28 December 2012

A Hard Lesson in Bike Geometry

Last weekend I learned a lesson in bicycle geometry.

At my UBI frame-building class, we learned the basics of why almost all bikes have fairly similar geometry (or "virtual geometry" in the case of compact-style frames), at least within their class -- road, MTB, cyclocross, BMX, hybrid, etc., etc.  As a frame builder, you can experiment with changes ... but will usually quickly find out why your novel geometry just does not work for its intended purpose.

So for the Yamabushi, I followed the traditional geometry pretty carefully, starting with frame measurements from my last two road bikes, and adjusting for a cyclocross build -- with slightly longer chain stays, 425mm instead of 405-410mms, and allowing for a longer fork.

I built up the bike with a Ritchey cyclocross fork, which has a vertical measurement of 391mm from the fork crown to the axle, and an offset (rake) of 45mm.  This is a bit short for a cyclocross fork (they range 390-410mm), but noticeably longer than a standard road fork of 365-375mm.  The extra length allows for fatter tires and mud clearance, of course.  Anyway, the Ritchey works perfectly, and the result is a bike that is comfortable to ride and handles well.  The Yamabushi is not as nimble as, say, my 2007 Cervelo R3-SL was, but it is stable, and it responds well, going just where I point it, when I point it.

Last weekend I put on the bike a new fork with disk brake mount, attached the new Avid BB-7 disk brake and my recently built wheel with a disk rotor.  I  added "The Plug II" (USB charger off the dynamo hub), and was excited to find that everything seemed to work.

I went out for a spin.

The brake is great -- much more control, and better stopping power, than the V-brakes I have been using.  The new front wheel with 50mm carbon clincher rim feels very fast.  The Schwalbe Ultremo 700x28 tires roll fast and are very comfortable with the extra air volume -- perfect for a Brevet that will go over good quality roads.

But the bike seemed to steer oddly.  It felt as if I was steering a boat, with a very little rudder pushing against a strong current.  At first, I thought something was wrong with the headset or the fork installation -- too tight, or too loose?  Or maybe the disk brake cable was gumming up the steering?  After eliminating these choices, I decided to compare the new fork with the one I had removed.
Left side -- a fork too long. 
Sure enough, the new fork has a crown-axle measurement of 410mm, 19mm longer than the Ritchey, and at least 10mm greater rake than the Ritchey.  The longer fork pushes the front end of the bike up, resulting in a reduced head tube angle.  This, plus the added rake/offset, push out the front axle noticeably ahead of the steering axis.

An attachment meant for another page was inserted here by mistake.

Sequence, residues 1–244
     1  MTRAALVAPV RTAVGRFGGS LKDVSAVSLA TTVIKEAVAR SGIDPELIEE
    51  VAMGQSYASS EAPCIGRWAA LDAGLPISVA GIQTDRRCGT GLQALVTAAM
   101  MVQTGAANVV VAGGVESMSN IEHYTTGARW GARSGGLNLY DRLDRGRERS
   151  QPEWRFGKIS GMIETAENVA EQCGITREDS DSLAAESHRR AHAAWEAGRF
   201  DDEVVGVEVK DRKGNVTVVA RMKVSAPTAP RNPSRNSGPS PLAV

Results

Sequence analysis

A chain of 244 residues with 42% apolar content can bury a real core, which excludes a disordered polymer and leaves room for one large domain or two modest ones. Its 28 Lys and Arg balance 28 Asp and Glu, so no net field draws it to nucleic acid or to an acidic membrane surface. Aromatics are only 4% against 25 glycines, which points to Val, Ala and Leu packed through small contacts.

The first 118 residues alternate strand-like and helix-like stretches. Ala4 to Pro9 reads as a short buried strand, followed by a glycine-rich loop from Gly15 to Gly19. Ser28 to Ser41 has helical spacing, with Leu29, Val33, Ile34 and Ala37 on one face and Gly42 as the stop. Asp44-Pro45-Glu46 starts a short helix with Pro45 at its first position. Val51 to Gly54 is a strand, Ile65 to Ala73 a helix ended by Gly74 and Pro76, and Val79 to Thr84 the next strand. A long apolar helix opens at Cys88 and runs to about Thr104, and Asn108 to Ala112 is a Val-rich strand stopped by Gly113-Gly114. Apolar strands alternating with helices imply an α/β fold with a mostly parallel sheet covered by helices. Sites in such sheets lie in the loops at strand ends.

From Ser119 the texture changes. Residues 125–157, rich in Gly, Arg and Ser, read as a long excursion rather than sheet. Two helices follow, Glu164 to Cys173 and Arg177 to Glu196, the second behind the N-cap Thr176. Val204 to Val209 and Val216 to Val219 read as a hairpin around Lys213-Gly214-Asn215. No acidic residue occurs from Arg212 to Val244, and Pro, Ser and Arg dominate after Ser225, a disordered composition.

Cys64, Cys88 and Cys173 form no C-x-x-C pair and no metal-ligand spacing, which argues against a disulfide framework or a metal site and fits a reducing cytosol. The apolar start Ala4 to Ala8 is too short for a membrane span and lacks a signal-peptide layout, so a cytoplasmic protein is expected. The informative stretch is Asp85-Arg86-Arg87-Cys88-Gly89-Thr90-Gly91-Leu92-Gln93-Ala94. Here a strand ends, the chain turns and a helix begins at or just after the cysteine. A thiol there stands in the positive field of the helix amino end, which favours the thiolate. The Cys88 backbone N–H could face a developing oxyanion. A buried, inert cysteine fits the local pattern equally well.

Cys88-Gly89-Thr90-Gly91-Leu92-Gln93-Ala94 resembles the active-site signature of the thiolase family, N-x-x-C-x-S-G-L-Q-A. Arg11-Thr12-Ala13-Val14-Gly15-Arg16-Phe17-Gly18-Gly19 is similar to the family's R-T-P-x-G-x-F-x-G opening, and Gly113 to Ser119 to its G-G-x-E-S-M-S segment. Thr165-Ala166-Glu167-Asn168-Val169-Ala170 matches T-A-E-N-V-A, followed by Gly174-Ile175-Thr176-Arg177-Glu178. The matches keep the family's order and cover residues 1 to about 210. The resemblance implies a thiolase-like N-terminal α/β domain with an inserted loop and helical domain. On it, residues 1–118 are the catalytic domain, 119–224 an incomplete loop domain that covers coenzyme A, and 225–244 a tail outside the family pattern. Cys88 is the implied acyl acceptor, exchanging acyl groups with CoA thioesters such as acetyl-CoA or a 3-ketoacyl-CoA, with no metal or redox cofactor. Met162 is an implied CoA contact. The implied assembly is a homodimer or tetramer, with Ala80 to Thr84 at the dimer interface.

The feeling was odd.  Very odd.  Size does matter.  And shape.

I will try again with another fork as soon as it arrives.


UPDATE:  I got the new fork, which has the same rake as the Ritchey (45mm) and is in between the two in length 400mm).  The handling is no longer boat-like.  The wheel seems very fast and the disk brake very nice.  The steering is more Cadillac than Porsche, but that seems very stable, and fine for most uses.  Tomorrow I will ride it to work and if all is well, give it a real test the coming weekend.

UPDATE2:  As an experiment, I switched back to 700x35 cyclocross tires (Continental "Speed" version -- for hard packed dirt and pavement, roll reasonably well) from the 700x28 slicks I had tried before.  This increases the effective diameter of the wheel and this the "trail" of the wheel's contact point a bit more, and the handling shifts from Cadillac in the direction of Porsche.  It is a bit odd that fatter tires with more tread result in nimbler handling ... but that is so.

Still, the cyclocross tires definitely roll slower than normal road tires.  I ordered some 700x30 Grand Bois touring tires that randonneurs seem to rave about (distributed in the U.S. by the rider who completed Cascade 1200 with the fastest time this year ...  so they may be fat, but they're not slow!)

UPDATE3:  I noticed that the FSA headset I have had on the Yamabushi (used, removed from frame I rode 2001-2006) was noticeably gummed up.  Some lubricant helped a bit, but still the steering seemed a bit resistant.  Maybe this was at least a contributing factor to the "boat" feeling.  In any event, I put on a new Cane Creek headset I ordered last month.  Yes, I have a headset press and a removal tool,which have now pretty much paid for themselves by getting their first use!  With the new headset and the Grand Bois tires, the front end us very responsive, slightly toward the "twitchy" end of the spectrum.  But when I put an Ortlieb handlebar bag off the front, the handling seems really perfect -- as close as possible to "neutral".  I will ride this combination on a cold 400km Brevet tomorrow.

UPDATE4 (February 3):  I have now used the disk brake and 400mm fork on the 400km Brevet, and since for almost 3 weeks of commuting and riding in the city.  I have come to the conclusion that the bike handling issues I had were at least significantly the result of the gummed up, very old FSA headset.  The bike handling has been just fine with the new headset, with any of 3 sets of tires, with or without a handlebar bag.  If I get some extra time, I might even try swapping back in the 410mm/more rake fork just to see if it is more rideable now with the new headset ... but no time right now.